For those not yet fully liberated, Lit. Crit. may provide some sort of psychosexual therapy. Sessions at the 1990 MLA offered papers on "Lord Peter Wimsey: A Member of the Neighboring Sex," "The Detective as Pervert," "Gross Feeders and Flowing Cups: Is Naked Ministering Pornographic in Book 5 of Paradise Lost?" (poor "public" Milton), "Assume the Position: Pluralist Ideology and Gynocriticism," "The Lesbian Phallus: Or, Does Heterosexuality Exist?" and "Desublimating the Male Sublime: Autoerotics, Anal Erotics, and Corporeal Violence in Melville and William Burroughs." A new book entitled Ganymede And The Erotics Of Humanism finds in the story of Ganymede not only "a chartering myth of pederasty and homoeroticism" but "the loftiest desires of the soul to attain divinity."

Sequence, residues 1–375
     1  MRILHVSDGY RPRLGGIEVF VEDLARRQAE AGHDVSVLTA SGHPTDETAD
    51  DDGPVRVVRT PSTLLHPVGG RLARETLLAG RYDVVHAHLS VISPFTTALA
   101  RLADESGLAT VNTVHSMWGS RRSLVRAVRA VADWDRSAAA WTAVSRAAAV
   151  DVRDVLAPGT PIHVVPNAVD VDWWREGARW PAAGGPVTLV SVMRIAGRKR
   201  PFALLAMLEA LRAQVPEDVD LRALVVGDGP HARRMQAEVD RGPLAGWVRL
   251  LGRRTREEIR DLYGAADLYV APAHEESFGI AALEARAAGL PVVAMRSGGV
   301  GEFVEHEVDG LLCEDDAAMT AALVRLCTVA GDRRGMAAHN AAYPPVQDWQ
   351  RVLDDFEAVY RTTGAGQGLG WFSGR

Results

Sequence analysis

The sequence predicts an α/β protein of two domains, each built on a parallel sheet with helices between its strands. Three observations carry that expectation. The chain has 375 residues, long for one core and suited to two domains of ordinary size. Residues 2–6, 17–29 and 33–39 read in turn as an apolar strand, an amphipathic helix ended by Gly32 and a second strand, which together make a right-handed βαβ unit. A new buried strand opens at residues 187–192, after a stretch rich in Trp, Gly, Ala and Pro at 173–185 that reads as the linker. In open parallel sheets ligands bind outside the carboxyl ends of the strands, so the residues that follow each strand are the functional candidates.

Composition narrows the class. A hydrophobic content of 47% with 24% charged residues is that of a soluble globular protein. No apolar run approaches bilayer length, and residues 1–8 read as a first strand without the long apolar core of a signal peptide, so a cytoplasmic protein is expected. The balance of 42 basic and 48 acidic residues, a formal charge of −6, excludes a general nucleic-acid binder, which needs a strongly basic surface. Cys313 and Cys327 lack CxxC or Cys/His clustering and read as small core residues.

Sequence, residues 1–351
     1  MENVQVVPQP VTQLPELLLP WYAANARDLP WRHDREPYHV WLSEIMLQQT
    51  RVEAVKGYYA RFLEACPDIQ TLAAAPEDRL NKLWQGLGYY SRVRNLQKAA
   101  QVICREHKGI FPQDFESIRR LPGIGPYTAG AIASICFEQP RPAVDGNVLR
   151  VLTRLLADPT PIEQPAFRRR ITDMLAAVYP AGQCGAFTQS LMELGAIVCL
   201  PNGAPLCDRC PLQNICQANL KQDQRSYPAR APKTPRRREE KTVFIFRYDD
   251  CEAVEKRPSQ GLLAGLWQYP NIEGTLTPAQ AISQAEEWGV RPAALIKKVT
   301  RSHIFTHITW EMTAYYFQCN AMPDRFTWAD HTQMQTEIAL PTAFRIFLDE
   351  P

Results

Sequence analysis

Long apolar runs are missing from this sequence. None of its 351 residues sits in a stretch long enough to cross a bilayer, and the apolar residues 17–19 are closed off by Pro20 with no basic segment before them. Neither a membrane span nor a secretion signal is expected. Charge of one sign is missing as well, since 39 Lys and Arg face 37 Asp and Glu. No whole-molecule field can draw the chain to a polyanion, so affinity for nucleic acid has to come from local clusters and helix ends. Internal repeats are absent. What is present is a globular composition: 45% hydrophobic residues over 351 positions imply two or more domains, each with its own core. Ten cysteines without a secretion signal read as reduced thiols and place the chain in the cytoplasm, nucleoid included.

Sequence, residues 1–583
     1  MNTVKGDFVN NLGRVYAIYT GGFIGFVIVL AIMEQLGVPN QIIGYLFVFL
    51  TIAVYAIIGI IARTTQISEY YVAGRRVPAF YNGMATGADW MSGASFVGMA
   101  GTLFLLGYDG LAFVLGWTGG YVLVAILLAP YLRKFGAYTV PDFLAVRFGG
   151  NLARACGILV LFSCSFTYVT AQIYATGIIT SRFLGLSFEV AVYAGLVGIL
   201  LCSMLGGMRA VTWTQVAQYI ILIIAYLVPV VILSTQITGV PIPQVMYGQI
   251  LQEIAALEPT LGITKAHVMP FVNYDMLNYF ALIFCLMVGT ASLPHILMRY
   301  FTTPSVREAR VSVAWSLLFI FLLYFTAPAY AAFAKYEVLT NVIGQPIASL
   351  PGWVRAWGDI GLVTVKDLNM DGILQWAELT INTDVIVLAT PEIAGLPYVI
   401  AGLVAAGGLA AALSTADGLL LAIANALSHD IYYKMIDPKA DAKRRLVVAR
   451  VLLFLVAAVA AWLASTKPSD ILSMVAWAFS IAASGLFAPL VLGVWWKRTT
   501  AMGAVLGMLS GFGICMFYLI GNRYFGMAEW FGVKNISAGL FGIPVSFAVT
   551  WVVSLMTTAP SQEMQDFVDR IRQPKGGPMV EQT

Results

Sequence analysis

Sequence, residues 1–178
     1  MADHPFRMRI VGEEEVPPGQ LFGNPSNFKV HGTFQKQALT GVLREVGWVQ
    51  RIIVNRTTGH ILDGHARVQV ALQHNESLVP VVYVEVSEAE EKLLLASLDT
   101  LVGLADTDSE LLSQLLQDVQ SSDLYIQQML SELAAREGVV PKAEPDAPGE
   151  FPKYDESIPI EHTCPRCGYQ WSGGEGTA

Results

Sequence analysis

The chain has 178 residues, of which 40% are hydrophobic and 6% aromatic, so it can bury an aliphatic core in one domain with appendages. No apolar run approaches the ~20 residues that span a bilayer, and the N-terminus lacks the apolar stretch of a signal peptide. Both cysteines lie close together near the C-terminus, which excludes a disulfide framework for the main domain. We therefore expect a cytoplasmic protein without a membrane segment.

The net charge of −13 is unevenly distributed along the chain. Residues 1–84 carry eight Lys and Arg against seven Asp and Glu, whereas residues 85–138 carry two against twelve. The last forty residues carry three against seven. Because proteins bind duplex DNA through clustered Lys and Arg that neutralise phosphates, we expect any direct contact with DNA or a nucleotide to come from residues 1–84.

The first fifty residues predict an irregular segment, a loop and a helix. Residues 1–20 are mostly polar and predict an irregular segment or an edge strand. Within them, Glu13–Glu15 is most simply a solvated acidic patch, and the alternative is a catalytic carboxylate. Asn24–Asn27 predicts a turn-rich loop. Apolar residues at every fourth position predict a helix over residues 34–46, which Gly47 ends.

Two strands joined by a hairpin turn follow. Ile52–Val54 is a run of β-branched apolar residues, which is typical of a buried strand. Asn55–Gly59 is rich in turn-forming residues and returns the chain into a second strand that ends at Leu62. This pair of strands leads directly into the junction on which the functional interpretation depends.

Some scholars are quite open about the purpose of what might be called Clitoral-criticism and Anal-analytics. Gays and lesbians--"marginalized" "others"--are intent upon demarginalizing themselves and thrusting their sexual orientations to the Center of culture. Heterosexuality, they argue, is merely a socially contrived category to which we've been "falsely enslaved." Their program is to depict homosexuality and lesbianism as normal. One of the sponsors of a 1990 conference titled "Queer Theory" explained that the goal of the conference was to portray "homosexuality not as a perversion or an inversion of normal sexual identity but as a sexual behavior and an identity on its own terms--as a cultural form in its own right" (CHE, 27 Oct. 1990).